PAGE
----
Just the other day Hungarian Transparency International released a study on the “Lack of Transparency in Hungary’s Higher Education.” This title is somewhat misleading because the main emphasis is on corruption in higher education and in the student unions, Hallgatói Önkormányzatok (HÖK). Five hundred students were interviewed in a questionnaire survey, and a number of in-depth interviews were conducted with teachers and administrative professionals. According to the students, it is in politics that corruption is the highest but it is also present, even if not to such an extent, in higher education. Thirty-two percent of students believe that the teaching staff is not at all or only partially honest. Twenty-six percent question the integrity of the admission committees, and 46% doubt the honesty of the student council/union.
Let me concentrate on the student councils here. The HÖKs were set up with generous support from the government in the early 1990s when politicians in their democratic zeal felt that students, just like every other group, needed their own self-governing institution. They were given both funding and wide-ranging privileges. They could offer financial assistance to students in need. They also had jurisdiction over the dormitories. And they had the right to vote on the appointment and promotion of professors.
Quickly enough some students discovered the benefits of attaining high positions in the student union, including substantial personal monetary benefits. As a result, it was not always the most honest men and women (mostly men, I’m afraid) who vied for these positions.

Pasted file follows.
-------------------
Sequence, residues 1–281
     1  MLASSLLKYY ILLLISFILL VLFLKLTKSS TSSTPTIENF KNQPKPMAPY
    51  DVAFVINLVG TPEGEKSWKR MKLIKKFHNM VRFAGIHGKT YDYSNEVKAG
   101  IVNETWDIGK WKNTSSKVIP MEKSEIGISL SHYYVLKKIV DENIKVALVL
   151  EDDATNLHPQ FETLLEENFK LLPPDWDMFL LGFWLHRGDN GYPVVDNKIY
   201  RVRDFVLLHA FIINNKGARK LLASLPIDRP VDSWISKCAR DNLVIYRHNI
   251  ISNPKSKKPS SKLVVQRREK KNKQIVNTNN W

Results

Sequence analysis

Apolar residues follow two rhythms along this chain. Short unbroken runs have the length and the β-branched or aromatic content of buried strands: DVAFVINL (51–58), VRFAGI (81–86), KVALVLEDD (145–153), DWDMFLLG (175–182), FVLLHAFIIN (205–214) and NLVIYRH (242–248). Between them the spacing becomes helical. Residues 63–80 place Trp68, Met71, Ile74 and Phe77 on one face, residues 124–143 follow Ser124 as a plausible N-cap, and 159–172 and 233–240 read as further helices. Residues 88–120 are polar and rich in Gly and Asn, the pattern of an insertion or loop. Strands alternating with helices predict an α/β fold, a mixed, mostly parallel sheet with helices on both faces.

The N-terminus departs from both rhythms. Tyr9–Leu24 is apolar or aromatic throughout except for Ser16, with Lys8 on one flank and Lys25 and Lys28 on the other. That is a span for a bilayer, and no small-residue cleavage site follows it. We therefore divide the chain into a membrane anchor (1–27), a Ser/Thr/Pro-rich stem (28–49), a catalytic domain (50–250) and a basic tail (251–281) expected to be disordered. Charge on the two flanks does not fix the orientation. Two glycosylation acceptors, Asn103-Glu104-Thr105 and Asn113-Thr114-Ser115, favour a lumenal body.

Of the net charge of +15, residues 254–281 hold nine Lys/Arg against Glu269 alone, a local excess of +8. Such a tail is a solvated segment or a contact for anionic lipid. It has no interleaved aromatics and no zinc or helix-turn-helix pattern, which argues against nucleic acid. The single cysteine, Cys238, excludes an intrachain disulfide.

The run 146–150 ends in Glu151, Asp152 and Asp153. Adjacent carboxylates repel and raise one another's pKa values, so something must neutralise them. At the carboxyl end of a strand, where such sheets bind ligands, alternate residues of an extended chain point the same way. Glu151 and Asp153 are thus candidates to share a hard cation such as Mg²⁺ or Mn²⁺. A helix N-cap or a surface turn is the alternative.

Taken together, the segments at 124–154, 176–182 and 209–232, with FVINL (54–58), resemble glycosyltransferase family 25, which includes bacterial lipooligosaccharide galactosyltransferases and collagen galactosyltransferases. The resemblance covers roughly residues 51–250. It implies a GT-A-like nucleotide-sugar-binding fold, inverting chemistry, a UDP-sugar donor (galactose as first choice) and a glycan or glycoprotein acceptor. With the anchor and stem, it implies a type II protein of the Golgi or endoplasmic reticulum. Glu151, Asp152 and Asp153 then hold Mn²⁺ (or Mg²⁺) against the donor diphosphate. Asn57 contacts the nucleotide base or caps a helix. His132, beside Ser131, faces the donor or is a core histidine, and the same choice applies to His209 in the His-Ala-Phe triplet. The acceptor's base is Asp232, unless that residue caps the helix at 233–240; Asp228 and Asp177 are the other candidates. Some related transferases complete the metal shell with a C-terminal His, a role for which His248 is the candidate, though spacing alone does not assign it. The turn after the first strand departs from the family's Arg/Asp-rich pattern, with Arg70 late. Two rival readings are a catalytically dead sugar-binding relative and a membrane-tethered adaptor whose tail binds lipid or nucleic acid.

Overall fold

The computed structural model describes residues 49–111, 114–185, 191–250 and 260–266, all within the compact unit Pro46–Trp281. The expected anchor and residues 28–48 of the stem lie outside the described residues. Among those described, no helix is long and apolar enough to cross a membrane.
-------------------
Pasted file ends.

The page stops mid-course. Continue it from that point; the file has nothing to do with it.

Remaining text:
These student unions became incubators for future politicians, especially those who eventually ended up in Fidesz. Fidesz in the 1990s was extremely popular among students, and eventually the whole leadership of Fidelitas, the junior branch of the party, underwent their political apprenticeship in student unions of various universities. Since then, with the rise of Jobbik, in some universities Jobbik took over the student unions. You may recall that at the Faculty of Arts of ELTE the Jobbik leadership of HÖK picked out “the most promising” (i.e., most likely to join Jobbik) freshmen. This crew had a running list of entering freshmen and made special mention of who might be a Jew or a left-winger.